In fact, just to tick me off, a few months ago he joined a very expensive gym which he flat-out refuses to drop. And today I’ve learned that he’s been messaging a woman there who he “trains” with. I’m at boiling point, and I want him to leave. But what do I do then? Natalie

Hi Natalie,

I am not a relationsh­ip counsellor.

However, I’ve helped enough people in your situation to know one thing for sure:

After the initial shock wears off, you’ll know in your gut whether it’s going to work out … or not.

And if you decide it’s over, here is what you do next:

First, lock everything down. Change all your passwords and PINs, and lock down your phone’s privacy and location tracking settings.

Then find as much financial informatio­n as you can: you’re looking for copies of your marriage and birth certificat­es, and any informatio­n on shares, property or superannua­tion.

Second, call your bank’s hardship department. Let them know what’s going on (and if there’s been any family violence tell them that too). Ask them to put a freeze on all joint accounts, including credit cards.

And, if you have a redraw or a line of credit on your home loan, have them change it so you both have to sign before making transactio­ns.

Then, open a new bank account in just your name that he can’t access. Third, see a family lawyer. Actually, you should meet with a family lawyer even if you’re still sitting on the fence with the relationsh­ip.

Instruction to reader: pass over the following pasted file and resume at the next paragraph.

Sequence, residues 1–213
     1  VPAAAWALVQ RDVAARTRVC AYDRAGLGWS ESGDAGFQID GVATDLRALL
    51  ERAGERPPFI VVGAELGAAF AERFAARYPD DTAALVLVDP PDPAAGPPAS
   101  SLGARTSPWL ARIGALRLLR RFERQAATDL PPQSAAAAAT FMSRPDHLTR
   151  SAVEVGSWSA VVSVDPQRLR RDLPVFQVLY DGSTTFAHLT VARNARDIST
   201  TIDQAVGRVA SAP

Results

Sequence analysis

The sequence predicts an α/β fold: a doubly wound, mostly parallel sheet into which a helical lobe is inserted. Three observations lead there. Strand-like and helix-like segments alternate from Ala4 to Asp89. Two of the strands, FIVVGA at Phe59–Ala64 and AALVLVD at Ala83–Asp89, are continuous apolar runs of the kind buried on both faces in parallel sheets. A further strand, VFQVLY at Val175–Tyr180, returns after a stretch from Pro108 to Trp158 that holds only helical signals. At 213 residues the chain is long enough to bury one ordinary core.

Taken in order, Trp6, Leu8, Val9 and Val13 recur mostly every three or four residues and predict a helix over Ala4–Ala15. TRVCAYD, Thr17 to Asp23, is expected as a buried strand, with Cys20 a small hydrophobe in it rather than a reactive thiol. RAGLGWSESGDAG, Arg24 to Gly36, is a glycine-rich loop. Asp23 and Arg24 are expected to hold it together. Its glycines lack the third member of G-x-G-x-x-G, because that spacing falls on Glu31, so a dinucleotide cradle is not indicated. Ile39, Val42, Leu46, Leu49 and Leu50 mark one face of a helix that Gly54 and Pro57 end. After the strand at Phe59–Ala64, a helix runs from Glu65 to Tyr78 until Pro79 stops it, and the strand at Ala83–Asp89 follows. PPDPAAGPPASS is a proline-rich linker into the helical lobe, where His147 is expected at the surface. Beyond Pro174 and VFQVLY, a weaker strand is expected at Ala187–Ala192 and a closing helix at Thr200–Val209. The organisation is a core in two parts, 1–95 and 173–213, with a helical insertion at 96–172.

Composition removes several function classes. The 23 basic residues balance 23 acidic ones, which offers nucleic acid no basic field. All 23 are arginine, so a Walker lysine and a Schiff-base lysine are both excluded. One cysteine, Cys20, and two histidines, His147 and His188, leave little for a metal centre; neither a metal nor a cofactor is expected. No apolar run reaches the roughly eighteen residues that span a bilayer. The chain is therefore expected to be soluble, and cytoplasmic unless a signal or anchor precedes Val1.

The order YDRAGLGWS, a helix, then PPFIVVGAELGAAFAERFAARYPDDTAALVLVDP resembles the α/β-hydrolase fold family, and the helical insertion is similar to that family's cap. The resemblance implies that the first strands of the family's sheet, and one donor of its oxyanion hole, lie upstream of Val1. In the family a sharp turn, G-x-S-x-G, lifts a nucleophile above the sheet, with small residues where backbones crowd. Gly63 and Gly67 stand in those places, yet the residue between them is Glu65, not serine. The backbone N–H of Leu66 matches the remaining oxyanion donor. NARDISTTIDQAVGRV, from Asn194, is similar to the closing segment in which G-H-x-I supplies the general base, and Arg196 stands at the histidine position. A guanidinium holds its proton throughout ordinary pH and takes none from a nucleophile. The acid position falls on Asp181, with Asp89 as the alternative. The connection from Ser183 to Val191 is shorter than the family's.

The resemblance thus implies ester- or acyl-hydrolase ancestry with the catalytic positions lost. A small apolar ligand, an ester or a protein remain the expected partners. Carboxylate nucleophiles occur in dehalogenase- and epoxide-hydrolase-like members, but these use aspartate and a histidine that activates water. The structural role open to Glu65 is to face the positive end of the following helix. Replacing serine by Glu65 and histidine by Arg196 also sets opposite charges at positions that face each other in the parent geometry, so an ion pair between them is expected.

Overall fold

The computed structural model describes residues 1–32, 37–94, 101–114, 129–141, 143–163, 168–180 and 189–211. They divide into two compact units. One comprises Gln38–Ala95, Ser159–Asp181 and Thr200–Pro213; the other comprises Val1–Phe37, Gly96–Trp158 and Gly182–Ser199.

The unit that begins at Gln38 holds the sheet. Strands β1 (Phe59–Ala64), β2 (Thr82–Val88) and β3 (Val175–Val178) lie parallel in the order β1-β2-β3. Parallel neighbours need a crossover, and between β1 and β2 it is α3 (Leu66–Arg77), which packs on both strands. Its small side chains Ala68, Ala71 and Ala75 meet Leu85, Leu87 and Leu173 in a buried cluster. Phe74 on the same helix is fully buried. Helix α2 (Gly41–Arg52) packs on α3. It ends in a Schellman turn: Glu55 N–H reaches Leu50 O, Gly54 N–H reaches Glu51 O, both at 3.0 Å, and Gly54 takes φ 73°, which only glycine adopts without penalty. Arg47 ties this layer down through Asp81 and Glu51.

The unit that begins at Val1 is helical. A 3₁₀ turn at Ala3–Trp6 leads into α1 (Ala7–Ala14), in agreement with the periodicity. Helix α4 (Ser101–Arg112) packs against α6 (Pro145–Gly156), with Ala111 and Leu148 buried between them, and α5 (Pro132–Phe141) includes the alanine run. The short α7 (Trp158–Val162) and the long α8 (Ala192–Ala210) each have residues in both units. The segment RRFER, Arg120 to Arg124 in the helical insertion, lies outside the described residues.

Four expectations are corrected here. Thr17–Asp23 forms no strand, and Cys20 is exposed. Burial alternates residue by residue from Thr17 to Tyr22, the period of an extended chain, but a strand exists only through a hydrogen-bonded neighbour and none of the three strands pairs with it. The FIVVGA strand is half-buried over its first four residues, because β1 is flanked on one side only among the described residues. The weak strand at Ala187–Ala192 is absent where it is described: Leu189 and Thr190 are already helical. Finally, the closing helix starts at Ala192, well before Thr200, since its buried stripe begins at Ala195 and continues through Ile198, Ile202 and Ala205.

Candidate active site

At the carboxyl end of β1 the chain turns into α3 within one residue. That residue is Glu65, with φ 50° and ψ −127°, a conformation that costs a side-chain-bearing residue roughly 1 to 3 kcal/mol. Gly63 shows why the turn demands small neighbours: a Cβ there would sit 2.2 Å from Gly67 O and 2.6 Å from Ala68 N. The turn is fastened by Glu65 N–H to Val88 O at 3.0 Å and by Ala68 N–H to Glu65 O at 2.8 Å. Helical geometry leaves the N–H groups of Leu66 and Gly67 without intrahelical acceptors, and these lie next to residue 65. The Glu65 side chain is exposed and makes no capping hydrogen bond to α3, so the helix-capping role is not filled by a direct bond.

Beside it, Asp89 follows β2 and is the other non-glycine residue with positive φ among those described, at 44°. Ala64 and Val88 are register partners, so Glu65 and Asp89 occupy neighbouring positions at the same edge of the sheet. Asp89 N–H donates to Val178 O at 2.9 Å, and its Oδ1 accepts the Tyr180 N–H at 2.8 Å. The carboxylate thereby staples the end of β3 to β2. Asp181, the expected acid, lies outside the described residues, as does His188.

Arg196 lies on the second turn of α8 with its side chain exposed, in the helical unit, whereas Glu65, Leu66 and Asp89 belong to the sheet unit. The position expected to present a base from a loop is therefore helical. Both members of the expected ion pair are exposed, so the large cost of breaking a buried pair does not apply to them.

Reason being, the first meeting will be free, and you’ll be able to get answers to many of the questions that are swirling around in your head as you lie in bed at night.

Finally, whatever happens, make sure you reach out for support.

It sounds like the next 12 months could be rough, and you don’t need to do it on your own.


Dear Scott,

I feel a bit disturbed when a different strategy recently came to my attention. If you don’t have any children (or don’t plan to, which is becoming more common) and so are not worried about what you might pass on to your children when you die, then you should borrow as much money as you can and pay back as little as possible. Get a mortgage to buy a beautiful house, get loans to go on holidays, buy things that bring you joy, live it up a little. Just enjoy your life to the full without worrying about working too much. Just pay back a little to keep the lender off your back but don’t worry about how much you are borrowing, or how much interest it would add up to over the years … because you get the money, spend it, enjoy it and then you die with no one left to pay the debt. Win! Or is it?